We then headed for dinner at TGI Fridays which is a family style chain restuarant. The selection on the menu is ridiculously big – I don’t think I have seen a longer menu. It is actually too big because people (like Janet) who can’t make up their minds just take forever to order. The kids had long since ordered before Janet had her mind made up. It was a lovely dinner with good banter with the family (and Janet). I had Jack Daniel Ribs (those are ribs with a special sauce made from Jack Daniels). They were quite simply the best ribs I have ever had. Ribs can be fatty, or too spicy, or too much sauce – these were just right. Include a few local Budweiser beers (Anhauser Busch – the maker of Bud – is based in St Louis so it was a must to drink Bud while in the home of Bud!) and it was a great evening. It was a short walk back to the hotel where we are staying (Crowne Plaza) and even though it was raining it hasn’t dampened our spirits of a really enjoyable afternoon & evening.

Tomorrow starts the ICRS (International Christian Retailer Show) which is the reason we came to St Louis. Janet and I get to attend while the rest of the family will no doubt spend my hard earned money on some activity or shopping or something. It (the show) is obviously a big deal for St Louis as there were even signs at the airport welcoming delegates and the streetlamp’s have those long flags on them also advertising the show. I suspect it is going to be a major and mind blowing show but I will tell you about it tomorrow.

Yours from Land of massive choice

P, H, S, M & C

Day 3 of Trip to Land of the Wealthy

After seeing Saturday consumerism in action in Chicago I have changed the header to more correctly reflect American culture. We are staying one block off Michigan Avenue which is known as the Magnificent Mile. While the buildings in Chicago are quite impressive and often beautiful, the Trolley tour guide today said it is known now as the Magnificent Mile because of all the stores especially the expensive branded ones like Gucci, Armani, etc. It is just one Mile of shops.

We managed to sleep the night through at least last night. Both Helen and I woke up at around 6:30am this morning and the kids emailed at 7am to say they were also awake. We decided to have breakfast at a very nearby cafe (at the bottom of our hotel actually). After breakfast we finished watching the 1st half of the S.Korea v Uruguay game. We agreed to meet Janet at 10am in front of our hotel and we all went to the Levi store (which had a lot of items at 50% off). However, it was so hot and humid this morning that buying jeans just didn’t see the right thing to do be doing so while we (Janet, Helen and I) all tried on some jeans none of us ended up buying any. Helen and Janet then went off shopping together and I went off with the kids. Not entirely sure what Helen and Janet did because when Helen got back at 12:30 she hadn’t actually bought anything but she had managed to go the Cheesecake Factory though!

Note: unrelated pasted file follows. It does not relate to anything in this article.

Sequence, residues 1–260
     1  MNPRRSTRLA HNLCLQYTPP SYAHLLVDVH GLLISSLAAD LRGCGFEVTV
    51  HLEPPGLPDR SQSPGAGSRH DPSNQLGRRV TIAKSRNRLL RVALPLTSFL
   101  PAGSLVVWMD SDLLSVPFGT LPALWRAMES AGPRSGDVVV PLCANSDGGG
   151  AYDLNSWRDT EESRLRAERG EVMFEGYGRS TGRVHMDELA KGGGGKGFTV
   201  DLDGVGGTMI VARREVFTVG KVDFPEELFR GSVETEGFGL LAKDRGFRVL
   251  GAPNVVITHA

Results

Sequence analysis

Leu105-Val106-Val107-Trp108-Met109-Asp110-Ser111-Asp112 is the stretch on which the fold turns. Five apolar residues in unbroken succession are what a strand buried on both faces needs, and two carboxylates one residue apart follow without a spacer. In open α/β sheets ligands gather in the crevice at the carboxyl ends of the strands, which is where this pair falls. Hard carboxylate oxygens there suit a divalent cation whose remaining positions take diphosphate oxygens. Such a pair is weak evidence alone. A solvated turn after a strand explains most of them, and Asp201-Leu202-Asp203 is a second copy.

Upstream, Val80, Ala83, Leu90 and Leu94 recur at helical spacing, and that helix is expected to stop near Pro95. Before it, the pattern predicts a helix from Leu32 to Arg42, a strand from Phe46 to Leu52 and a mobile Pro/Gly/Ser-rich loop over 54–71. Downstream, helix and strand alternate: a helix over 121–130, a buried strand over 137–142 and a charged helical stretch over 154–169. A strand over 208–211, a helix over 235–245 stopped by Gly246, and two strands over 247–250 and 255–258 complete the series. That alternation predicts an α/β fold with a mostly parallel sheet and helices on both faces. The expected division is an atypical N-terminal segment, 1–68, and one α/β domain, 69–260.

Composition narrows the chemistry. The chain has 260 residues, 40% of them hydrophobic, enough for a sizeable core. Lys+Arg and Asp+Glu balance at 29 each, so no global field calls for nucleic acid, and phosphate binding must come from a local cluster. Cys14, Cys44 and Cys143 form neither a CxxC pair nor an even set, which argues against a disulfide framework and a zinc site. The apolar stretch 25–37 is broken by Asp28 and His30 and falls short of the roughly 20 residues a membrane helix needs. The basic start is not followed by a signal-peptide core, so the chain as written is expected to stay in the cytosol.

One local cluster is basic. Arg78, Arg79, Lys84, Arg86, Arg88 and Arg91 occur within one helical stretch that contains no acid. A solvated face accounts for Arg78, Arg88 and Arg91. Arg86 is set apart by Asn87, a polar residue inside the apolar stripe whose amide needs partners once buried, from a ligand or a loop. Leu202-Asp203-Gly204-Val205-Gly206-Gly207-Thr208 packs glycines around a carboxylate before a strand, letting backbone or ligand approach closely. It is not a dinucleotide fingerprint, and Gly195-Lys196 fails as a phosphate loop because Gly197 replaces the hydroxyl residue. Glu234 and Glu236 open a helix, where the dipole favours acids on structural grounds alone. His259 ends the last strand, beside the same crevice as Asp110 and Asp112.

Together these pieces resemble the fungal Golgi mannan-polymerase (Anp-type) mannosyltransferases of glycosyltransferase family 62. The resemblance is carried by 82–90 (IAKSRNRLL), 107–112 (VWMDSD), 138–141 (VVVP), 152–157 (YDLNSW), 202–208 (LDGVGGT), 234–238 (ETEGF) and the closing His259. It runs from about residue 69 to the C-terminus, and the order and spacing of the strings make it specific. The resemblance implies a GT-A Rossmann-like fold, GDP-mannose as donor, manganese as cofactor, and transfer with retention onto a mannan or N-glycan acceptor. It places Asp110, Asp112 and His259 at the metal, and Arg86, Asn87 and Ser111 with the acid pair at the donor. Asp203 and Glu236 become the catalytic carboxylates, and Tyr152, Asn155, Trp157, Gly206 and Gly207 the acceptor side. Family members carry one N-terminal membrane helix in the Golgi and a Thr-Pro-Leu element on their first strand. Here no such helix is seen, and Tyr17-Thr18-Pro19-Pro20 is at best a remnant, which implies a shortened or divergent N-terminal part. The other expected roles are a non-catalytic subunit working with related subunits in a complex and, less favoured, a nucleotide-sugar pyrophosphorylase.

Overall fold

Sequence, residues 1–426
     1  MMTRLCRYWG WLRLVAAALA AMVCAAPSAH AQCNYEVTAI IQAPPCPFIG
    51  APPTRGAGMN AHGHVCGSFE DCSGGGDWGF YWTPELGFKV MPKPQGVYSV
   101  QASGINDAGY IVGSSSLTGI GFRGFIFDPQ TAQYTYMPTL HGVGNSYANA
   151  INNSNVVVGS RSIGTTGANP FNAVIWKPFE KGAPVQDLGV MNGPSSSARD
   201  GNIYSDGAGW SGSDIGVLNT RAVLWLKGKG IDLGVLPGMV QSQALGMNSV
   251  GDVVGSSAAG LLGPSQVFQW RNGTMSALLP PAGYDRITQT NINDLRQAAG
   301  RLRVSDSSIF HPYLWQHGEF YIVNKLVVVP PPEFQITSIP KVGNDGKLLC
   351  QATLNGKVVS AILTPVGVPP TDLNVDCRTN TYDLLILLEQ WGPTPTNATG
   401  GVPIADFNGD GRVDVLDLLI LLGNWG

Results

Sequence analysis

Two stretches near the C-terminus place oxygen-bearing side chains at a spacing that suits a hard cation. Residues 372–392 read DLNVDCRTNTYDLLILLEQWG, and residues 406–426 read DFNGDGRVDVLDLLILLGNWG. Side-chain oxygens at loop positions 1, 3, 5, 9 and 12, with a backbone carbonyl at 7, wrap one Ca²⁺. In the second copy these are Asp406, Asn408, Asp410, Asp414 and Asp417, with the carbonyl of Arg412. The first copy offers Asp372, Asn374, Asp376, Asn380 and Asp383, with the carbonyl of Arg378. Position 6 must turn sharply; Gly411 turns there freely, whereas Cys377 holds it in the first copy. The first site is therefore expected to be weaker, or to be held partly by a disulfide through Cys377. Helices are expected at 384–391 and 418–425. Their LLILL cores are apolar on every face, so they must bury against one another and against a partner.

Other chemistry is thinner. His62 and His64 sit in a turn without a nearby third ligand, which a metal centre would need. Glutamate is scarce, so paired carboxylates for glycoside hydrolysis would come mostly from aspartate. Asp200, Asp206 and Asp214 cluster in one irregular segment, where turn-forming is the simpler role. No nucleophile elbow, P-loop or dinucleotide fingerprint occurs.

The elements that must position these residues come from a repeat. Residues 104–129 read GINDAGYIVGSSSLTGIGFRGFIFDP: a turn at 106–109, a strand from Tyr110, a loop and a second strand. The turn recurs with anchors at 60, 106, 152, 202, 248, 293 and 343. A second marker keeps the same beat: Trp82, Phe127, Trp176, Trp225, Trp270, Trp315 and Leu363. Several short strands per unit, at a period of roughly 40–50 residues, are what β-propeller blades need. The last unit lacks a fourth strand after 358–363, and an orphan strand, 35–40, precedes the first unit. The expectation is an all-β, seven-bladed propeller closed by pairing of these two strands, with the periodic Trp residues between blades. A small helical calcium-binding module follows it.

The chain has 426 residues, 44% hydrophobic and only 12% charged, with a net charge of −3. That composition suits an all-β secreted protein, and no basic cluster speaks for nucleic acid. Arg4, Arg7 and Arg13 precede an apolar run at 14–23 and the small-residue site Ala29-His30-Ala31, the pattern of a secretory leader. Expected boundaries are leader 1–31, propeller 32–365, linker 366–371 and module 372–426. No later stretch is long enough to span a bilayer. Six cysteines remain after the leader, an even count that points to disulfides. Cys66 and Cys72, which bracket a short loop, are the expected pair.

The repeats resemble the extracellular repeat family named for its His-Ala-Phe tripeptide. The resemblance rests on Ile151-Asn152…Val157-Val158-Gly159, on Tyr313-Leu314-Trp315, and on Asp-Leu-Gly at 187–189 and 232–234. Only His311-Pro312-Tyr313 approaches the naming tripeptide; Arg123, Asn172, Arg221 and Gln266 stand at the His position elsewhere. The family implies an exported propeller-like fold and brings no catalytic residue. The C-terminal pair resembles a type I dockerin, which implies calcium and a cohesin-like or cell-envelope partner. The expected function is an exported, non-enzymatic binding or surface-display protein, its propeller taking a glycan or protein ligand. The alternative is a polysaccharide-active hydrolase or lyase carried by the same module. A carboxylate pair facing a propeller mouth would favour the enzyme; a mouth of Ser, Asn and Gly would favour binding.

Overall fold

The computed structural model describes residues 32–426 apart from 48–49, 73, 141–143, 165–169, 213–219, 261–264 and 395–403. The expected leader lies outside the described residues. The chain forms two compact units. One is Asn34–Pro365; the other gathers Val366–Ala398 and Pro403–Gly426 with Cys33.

On the other hand, we went to the Bose store followed by the Apple Store. We had passed the Apple Store on Thursday but there was a line (they don’t know what queue’s are) to actually enter the store. That is because the Iphone 4.0 has just been released. However we were early enough today and managed to get it. We played with the Iphone 4 which I have to say is much better than the Iphone 3 – it is smaller, lighter and much better looking (sorry Marcus your phone has been supplanted). We also played with the Ipad which really is an Ipod Touch on steroids. Not sure that I would ever seen the reason for buying one of them. They are actually quite bulky as well. The kids and I enjoyed playing around though. It is incredible how successful Apple is in the US. You have to book an appointment to see an in store consultant and by the time we arrived there were no appointments left with one type of consultants and for the other batch (never figured out the difference) the earliest appointment was 3:20pm (and it was probably around 11am when we were there).

After Helen returned we headed out to catch the Trolley again to complete the city tour as we never finished it yesterday. It was an enjoyable hour and due to a Food Fair in the park they took us on a slightly different route which resulted in us having a great view of the city across Lake Michigan. I think Stephen and I both got some good photos. The only hiccup was when the Trolley driver misjudged one of the turns and he went over the curb. I was sitting about half way down and immediately he started turning I could tell he was going to do it. He hit it really hard and there was a large hiss as the air came out of the tyre. That didn’t deter him and he merrily continued on the tour with the half flat tyre. When we got out about 5 minutes later we could clearly see a gash in the tyre. He must have noticed the effect on the handling but he just continued onwards.